סקר
הסבב ה-14 - באיזה סבב של דף יומי אתה?
ראשון
שני
שלישי
רביעי ומעלה


 

Steinsaltz

has not acquired it. He cannot act to the detriment of others without their consent, and his acquisition harms the other creditors. Those Sages were also owed money by that same man, so they both seized the boat for himself. Rav Pappa steered it with an oar, while Rav Huna, son of Rav Yehoshua, pulled it with a rope. This Sage said: I acquired all of it; and that Sage said: I acquired all of it.

Rav Pineḥas bar Ami encountered them and said to them: What of the opinion of Rav and Shmuel, who both say: And this, that whoever first takes possession has acquired them, is the halakha provided that the items are arranged in a pile and placed in the public domain, which is not the case with this boat? They said to him: We too seized it from the current of the river, i.e., the middle of the river, which has the status of a public domain.

They came before Rava to ask him who had acquired the boat. He said to them: You are white geese [kakei ḥivvarei], in reference to their white beards, who remove people’s cloaks, i.e., your actions were unlawful from the start. This is what Rav Naḥman said: And this, that whoever takes possession has acquired them, is the halakha provided that one seized them from the debtor while he was alive. In this case, however, the boat was seized after the debtor’s death, when the heirs had already taken possession of it.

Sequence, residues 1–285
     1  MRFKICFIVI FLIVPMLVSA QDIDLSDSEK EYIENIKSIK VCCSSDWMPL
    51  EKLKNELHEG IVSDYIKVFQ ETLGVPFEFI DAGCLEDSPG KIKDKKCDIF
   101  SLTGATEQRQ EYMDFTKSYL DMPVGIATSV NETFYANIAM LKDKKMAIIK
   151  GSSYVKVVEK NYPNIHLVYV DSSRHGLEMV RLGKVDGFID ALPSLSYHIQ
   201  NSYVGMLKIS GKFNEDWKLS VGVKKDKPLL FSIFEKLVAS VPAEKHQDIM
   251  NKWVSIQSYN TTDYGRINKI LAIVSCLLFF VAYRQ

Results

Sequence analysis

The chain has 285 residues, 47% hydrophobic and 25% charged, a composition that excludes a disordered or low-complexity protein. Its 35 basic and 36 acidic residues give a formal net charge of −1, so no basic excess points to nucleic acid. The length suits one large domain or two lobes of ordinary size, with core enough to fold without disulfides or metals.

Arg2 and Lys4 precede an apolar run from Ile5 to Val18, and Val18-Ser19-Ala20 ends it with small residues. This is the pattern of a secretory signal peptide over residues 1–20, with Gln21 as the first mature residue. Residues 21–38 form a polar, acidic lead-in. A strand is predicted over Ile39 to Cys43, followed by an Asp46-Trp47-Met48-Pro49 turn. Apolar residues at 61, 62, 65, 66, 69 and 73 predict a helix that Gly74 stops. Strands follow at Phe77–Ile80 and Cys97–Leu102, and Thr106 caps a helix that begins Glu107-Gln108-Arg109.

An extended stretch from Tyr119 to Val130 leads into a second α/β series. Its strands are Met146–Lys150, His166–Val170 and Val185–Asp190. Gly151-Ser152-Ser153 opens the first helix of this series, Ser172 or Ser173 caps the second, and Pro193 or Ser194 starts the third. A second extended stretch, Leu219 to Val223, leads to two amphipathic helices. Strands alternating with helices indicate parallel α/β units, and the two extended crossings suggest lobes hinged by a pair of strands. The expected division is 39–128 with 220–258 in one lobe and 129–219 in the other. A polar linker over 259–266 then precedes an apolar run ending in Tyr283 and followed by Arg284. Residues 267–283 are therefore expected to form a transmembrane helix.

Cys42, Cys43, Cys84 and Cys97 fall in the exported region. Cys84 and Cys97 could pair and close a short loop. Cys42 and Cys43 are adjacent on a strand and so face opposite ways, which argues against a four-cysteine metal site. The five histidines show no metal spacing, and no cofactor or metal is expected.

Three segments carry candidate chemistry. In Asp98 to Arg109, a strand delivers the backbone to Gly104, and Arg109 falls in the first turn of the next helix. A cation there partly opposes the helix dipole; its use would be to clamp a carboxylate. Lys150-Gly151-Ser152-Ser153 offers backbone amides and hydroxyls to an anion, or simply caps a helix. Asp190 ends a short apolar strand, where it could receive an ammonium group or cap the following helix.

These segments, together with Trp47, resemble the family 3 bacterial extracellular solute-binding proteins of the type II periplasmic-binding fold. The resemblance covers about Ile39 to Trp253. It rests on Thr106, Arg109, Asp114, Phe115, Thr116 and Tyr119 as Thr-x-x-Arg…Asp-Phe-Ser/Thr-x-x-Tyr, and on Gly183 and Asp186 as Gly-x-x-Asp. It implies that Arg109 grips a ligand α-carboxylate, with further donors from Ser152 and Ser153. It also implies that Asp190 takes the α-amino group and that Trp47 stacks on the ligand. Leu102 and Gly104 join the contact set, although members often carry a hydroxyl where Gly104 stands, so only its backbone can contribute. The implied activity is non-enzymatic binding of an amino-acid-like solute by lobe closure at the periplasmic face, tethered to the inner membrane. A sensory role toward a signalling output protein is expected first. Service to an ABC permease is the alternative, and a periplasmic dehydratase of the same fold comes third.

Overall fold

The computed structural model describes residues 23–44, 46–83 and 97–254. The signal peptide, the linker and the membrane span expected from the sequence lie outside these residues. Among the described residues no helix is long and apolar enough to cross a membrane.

The Gemara relates another incident: Avimi, son of Rabbi Abbahu, owed money to people from Bei Ḥozai.He sent the money in the possession of Ḥama, son of Rabba bar Abbahu, who went and paid the money that Avimi, son of Rabbi Abbahu, owed, and he then said to the people from Bei Ḥozai: Give me back the document that shows that the person who sent me owes you money. They said to him: The money that you paid us was for side debts, i.e., money from a different debt, which was not written in a document. We accepted the money from you as payment of that debt. We will therefore not return the document to you, as he has yet to pay off the debt listed in the document.

This case came before Rabbi Abbahu. He said to Ḥama, son of Rabba bar Abbahu: Do you have witnesses that you paid them? He said to him: No. Rabbi Abbahu said to him: He could have made a more advantageous claim [miggo]. Since they can say: These matters never occurred, i.e., you never paid them anything, they can also say: These are side debts. Therefore, you cannot demand from them either the money or the document.

The Gemara asks: With regard to the payment of the agent, what is the halakha? Must the agent reimburse the one who appointed him for his loss? Rav Ashi said: We see that if the one who appointed him said to him: Take the document from them and give them money, then the agent disobeyed his instructions by first paying the money and must pay back the one who appointed him. If, however, the one who appointed him said to the agent: Give the money and take the document, he does not pay, as the one who appointed him was not particular about instructing the agent to take the document before giving them money.